δv δv

™

v = v · ∇v + ’ a = v · ∇v +

δt δt

δv

T

’ a = ∇v ·v+ (9.18)

δt

and application to the row vT with velocity components, results in

∼

δvT δvT

v = v ∇v +

™ ’ a = v ∇v + ∼

T T T T T T

∼

δt δt

∼ ∼∼ ∼ ∼∼

∼

∼

δv

T

’ a = ∇ vT ∼ + ∼ .

v (9.19)

δt

∼∼

∼

With this equation, the acceleration ¬eld can be found if the Eulerian description

of the velocity ¬eld is known. In the result the velocity gradient tensor L (with

associated matrix representation L), as introduced in Chapter 7 can be recognized:

T T

L = ∇v L = ∇ vT

and also . (9.20)

∼∼

Now the equation for the acceleration vector a with the components a becomes

∼

δv δv

a=L·v+ a=Lv+ ∼

and also . (9.21)

δt δt

∼ ∼

161 9.5 The displacement vector

In the case of a stationary ¬‚ow, where v = v( x) instead of v = v( x, t), the equation

for the acceleration reduces to

a=L·v a=L∼.

and also v (9.22)

∼

9.5 The displacement vector

Consider a material point P, which is de¬ned by the position vector x0 in the

reference con¬guration with volume V0 . In the current con¬guration the position

vector of that point is denoted by x, see Fig. 9.2.

The displacement vector of a point P, in the current con¬guration with respect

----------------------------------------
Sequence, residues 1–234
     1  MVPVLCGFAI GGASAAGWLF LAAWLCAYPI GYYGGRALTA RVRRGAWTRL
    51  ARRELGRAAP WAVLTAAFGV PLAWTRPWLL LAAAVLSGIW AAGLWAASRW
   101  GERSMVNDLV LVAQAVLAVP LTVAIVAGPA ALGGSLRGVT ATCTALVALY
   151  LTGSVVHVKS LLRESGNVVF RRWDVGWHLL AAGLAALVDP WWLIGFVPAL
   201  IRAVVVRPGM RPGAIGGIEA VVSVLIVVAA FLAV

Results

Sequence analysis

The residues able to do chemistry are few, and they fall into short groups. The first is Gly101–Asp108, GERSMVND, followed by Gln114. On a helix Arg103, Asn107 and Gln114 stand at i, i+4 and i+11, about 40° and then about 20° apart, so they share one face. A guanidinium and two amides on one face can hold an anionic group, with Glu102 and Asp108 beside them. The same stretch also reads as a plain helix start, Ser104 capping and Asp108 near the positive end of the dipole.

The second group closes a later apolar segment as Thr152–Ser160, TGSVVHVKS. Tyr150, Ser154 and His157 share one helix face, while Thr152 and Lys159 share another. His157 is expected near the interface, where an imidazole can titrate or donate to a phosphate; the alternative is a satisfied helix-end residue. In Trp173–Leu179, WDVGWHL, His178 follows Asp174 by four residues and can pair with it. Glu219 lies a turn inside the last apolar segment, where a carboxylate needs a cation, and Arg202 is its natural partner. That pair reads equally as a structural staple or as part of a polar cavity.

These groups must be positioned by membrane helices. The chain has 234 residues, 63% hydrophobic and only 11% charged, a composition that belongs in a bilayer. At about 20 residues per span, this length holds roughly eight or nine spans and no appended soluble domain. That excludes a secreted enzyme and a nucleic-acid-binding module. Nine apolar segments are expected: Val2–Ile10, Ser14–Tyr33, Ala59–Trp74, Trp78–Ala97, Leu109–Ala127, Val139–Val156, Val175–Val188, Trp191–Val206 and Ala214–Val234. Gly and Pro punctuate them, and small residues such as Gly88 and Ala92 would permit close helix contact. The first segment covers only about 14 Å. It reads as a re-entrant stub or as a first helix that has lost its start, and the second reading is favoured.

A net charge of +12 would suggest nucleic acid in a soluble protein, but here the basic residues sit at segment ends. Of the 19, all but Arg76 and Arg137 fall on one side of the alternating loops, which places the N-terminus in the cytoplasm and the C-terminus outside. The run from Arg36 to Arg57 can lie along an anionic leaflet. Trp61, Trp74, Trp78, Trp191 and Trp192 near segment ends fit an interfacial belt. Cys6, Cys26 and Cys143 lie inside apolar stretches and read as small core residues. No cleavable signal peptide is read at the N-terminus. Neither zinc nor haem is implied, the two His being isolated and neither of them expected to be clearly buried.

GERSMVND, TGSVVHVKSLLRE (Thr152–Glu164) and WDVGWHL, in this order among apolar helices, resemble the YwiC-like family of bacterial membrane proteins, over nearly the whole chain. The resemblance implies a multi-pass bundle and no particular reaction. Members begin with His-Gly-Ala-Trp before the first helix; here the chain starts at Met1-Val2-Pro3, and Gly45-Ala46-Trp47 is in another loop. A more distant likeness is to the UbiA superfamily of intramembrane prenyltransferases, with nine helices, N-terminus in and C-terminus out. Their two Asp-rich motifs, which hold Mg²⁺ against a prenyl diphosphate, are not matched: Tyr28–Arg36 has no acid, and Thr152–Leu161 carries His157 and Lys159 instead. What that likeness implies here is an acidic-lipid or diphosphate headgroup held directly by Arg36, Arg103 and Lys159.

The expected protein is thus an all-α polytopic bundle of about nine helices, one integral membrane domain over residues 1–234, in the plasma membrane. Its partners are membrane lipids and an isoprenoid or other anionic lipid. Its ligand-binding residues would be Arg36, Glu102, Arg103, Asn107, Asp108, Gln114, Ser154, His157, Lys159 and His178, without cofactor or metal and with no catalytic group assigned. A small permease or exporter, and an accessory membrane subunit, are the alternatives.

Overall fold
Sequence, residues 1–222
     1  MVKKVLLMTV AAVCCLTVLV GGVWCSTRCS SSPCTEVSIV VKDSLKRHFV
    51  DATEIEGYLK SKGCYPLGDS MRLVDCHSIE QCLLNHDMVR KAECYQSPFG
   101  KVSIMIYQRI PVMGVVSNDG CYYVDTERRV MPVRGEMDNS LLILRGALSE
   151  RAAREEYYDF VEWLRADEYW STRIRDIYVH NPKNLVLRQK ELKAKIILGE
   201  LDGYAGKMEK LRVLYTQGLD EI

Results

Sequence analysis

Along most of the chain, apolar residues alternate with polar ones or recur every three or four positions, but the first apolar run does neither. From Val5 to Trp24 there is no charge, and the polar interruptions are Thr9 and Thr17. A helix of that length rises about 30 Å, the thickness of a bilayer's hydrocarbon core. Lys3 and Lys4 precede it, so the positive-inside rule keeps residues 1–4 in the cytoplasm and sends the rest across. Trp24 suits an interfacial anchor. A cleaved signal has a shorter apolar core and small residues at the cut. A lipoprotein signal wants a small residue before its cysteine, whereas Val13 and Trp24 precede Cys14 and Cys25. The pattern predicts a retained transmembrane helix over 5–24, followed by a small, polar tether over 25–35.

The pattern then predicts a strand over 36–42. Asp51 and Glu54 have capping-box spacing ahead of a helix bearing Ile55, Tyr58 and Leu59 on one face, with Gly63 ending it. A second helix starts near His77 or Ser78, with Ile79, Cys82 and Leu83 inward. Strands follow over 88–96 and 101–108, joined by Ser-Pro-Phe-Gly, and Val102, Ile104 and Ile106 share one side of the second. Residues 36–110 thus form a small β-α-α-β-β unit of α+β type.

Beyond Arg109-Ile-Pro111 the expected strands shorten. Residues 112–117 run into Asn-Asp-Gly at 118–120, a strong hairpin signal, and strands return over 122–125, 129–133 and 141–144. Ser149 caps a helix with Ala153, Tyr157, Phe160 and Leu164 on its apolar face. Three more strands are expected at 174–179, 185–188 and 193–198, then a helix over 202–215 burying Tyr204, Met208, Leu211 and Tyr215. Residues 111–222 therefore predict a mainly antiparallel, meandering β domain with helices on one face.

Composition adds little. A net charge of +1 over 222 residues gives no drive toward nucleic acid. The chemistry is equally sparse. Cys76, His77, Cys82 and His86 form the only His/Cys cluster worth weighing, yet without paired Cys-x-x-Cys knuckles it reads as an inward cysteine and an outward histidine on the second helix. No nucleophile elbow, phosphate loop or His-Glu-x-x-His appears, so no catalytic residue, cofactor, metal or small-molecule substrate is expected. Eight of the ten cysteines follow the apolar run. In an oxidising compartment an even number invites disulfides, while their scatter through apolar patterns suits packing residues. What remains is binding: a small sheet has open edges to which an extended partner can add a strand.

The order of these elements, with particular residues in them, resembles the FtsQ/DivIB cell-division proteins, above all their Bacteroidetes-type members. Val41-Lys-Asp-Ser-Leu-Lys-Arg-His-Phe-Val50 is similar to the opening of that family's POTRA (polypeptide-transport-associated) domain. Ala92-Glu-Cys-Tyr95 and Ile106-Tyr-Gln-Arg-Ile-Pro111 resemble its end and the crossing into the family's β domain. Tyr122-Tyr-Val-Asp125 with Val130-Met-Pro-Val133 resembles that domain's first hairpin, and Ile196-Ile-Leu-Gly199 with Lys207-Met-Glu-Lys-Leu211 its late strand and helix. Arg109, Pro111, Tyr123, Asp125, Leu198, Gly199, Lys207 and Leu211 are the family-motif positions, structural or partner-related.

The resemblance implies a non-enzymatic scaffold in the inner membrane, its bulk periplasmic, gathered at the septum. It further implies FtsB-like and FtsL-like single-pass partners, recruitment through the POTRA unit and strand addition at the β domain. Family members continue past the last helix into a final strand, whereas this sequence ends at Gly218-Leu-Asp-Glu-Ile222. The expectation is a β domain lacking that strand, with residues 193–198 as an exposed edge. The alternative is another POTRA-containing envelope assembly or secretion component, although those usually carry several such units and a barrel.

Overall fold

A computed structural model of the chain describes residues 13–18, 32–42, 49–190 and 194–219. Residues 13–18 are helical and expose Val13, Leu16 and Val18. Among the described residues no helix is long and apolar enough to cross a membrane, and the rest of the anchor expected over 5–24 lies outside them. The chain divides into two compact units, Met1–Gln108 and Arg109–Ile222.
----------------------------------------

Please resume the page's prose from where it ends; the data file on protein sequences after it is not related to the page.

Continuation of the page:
to the undeformed con¬guration, is denoted by u satisfying

u = x ’ x0 (9.23)

and in component form:

⎡ ¤⎡¤⎡ ¤

ux x0

x

⎢ ⎥⎢⎥⎢ ⎥

⎣ uy ¦ = ⎣ y ¦ ’ ⎣ y0 ¦ . (9.24)

z

uz z0

In the Lagrangian description u is considered to be a function of x0 in V0 and t and

thus

u = u( x0 , t) = x( x0 , t) ’ x0 . (9.25)

z

current con¬guration

reference con¬guration

V (t )

u

P

P

V0

x0

x = x (x0, t )

y

Lagrange: u = u (x0, t )

Euler: u = u (x, t )

x

Figure 9.2

The displacement of a material point P.

Motion: the time as an extra dimension

162

This relation enables, to formally calculate the displacement (in the current con-

¬guration at time t with respect to the reference con¬guration) of a material point,

de¬ned in the reference con¬guration with material identi¬cation x0 . For the use

of Eq. (9.25), it is assumed that x( x0 , t) is available.

In the Eulerian description u is considered to be a function of x in V( t) and t

and thus

u = u( x, t) = x ’ x0 ( x, t) . (9.26)

With Eq. (9.26), it is possible to formally calculate the displacement (in the cur-

rent con¬guration with respect to the reference con¬guration) of a material point,

which is actually (at time t) at position x in the three-dimensional space. Neces-

sary for this is, that x0 ( x, t) is known, expressing which material point x0 at time t

is present at the spatial point x, in other words, the inverse relation of x( x0 , t).

9.6 The gradient operator

In Chapter 7 the gradient operator with respect to the current con¬guration was

treated extensively. In fact, the current ¬eld of a physical variable (for example the

temperature T) was considered in the current con¬guration with domain V( t) and

as such de¬ned according to an Eulerian description. The gradient of such a vari-

able is built up from the partial derivatives with respect to the spatial coordinates,

for example:

⎡ ‚T ¤

‚x

⎢ ⎥

⎢ ⎥

‚T ‚T ‚T ⎢ ⎥

‚T

+ ey + ez ∇T = ⎢

∇T = ex ⎥.

and also (9.27)

‚y

⎢ ⎥

‚x ‚y ‚z ∼

⎣ ¦

‚T

‚z

The current ¬eld (with respect to time t) can also be mapped onto the reference